- the extent to which each of the child’s parents has taken, or failed to take, the opportunity:
- to participate in making decisions about major long-term issues in relation to the child; and
- to spend time with the child; and
- to communicate with the child;
- the likely effect of any changes in the child’s circumstances, including the likely effect on the child of any separation from:
- either of his or her parents; or
- any other child, or other person (including any grandparent or other relative of the child), with whom he or she has been living;
- the practical difficulty and expense of a child spending time with and communicating with a parent and whether that difficulty or expense will substantially affect the child’s right to maintain personal relations and direct contact with both parents on a regular basis;
- the capacity of:
- each of the child’s parents; and
- any other person (including any grandparent or other relative of the child);
- to provide for the needs of the child, including emotional and intellectual needs;
- the maturity, sex, lifestyle and background (including lifestyle, culture and traditions) of the child and of either of the child’s parents, and any other characteristics of the child that the court thinks are relevant;
- if the child is an Aboriginal child or a Torres Strait Islander child:
- the child’s right to enjoy his or her Aboriginal or Torres Strait Islander culture (including the right to enjoy that culture with other people who share that culture); and
- the likely impact any proposed parenting order under this Part will have on that right;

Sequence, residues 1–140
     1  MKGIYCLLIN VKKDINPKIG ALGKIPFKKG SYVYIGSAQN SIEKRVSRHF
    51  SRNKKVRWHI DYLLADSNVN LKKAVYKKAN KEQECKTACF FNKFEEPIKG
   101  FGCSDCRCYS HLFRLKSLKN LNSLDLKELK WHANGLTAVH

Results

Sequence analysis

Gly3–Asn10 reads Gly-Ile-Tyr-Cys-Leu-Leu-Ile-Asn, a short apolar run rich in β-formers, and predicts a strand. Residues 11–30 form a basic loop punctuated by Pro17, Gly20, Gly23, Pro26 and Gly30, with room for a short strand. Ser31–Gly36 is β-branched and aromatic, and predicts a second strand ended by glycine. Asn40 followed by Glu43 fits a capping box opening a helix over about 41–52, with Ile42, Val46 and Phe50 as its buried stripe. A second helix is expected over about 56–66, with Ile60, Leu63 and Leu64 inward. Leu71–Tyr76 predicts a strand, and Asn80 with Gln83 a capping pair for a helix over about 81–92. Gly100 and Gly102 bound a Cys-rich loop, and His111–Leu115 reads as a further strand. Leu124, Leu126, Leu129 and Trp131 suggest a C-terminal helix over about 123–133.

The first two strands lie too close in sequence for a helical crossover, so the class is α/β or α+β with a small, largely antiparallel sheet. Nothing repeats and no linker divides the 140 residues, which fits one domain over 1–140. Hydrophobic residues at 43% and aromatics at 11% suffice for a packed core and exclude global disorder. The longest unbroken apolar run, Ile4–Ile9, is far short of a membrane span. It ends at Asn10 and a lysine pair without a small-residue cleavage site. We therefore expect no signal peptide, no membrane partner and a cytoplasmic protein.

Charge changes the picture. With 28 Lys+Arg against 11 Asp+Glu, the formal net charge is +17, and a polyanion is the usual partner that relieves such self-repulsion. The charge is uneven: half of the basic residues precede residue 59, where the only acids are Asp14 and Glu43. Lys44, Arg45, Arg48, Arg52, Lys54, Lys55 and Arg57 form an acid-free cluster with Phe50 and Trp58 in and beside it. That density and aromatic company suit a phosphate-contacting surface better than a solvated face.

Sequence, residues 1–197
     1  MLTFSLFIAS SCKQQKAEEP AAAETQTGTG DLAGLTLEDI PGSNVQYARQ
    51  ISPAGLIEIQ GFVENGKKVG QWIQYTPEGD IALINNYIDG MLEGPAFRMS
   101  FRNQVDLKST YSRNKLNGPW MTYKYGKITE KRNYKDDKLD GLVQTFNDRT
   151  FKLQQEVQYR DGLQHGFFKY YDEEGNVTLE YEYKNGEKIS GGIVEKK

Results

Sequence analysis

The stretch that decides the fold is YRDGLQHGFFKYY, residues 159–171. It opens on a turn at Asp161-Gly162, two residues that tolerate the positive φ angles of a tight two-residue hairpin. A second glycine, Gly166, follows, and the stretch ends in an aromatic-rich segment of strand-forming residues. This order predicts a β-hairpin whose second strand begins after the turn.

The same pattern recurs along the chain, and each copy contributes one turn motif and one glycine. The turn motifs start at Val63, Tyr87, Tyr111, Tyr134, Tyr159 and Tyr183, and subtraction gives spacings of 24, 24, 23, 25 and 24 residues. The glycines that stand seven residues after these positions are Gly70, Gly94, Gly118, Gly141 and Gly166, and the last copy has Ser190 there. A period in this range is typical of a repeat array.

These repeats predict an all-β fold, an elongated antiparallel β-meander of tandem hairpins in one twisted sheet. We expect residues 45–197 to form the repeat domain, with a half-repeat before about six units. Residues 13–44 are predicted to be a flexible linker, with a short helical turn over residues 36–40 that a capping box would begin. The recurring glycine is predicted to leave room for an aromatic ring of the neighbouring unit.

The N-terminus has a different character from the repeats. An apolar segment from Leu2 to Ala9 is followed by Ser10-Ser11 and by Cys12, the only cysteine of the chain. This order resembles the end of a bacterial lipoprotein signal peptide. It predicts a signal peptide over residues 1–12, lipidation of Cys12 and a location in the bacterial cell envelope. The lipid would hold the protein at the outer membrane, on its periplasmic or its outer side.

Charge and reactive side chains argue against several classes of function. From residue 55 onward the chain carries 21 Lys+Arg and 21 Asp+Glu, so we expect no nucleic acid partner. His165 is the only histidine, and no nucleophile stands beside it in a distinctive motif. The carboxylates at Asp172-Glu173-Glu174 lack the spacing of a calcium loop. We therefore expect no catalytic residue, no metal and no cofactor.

- the attitude to the child, and to the responsibilities of parenthood, demonstrated by each of the child’s parents;
- any family violence involving the child or a member of the child’s family;
- if a family violence order applies, or has applied, to the child or a member of the child’s family–any relevant inferences that can be drawn from the order, taking into account the following:
- the nature of the order;
- the circumstances in which the order was made;
- any evidence admitted in proceedings for the order;
- any findings made by the court in, or in proceedings for, the order;
- any other relevant matter;
- whether it would be preferable to make the order that would be least likely to lead to the institution of further proceedings in relation to the child;
- any other fact or circumstance that the court thinks is relevant.
(ca) the extent to which each of the child’s parents has fulfilled, or failed to fulfil, the parent’s obligations to maintain the child;
In accordance with section 60B of the Act, the court can make certain the best interests of children are met by:
- Ensuring that children have the benefit of both of their parents having a meaningful involvement in their lives, to the maximum extent consistent with the best interests of the child; and
- Protecting children from physical or psychological harm from being subjected to, or exposed to, abuse, neglect or family violence; and
- Ensuring that the child receives adequate and proper parenting to help them achieve their full potential; and
- Ensuring that parents fulfil their duties, and meet their responsibilities, concerning the care, welfare and development of their children.
At the core of these objects is the belief that children have the right to know and be cared for by both parents, regardless of whether their parents are married, separated, have never married or have never lived together. In this way, children should be entitled to develop a meaningful relationship with both of their parents to the extent that it is safe to do so.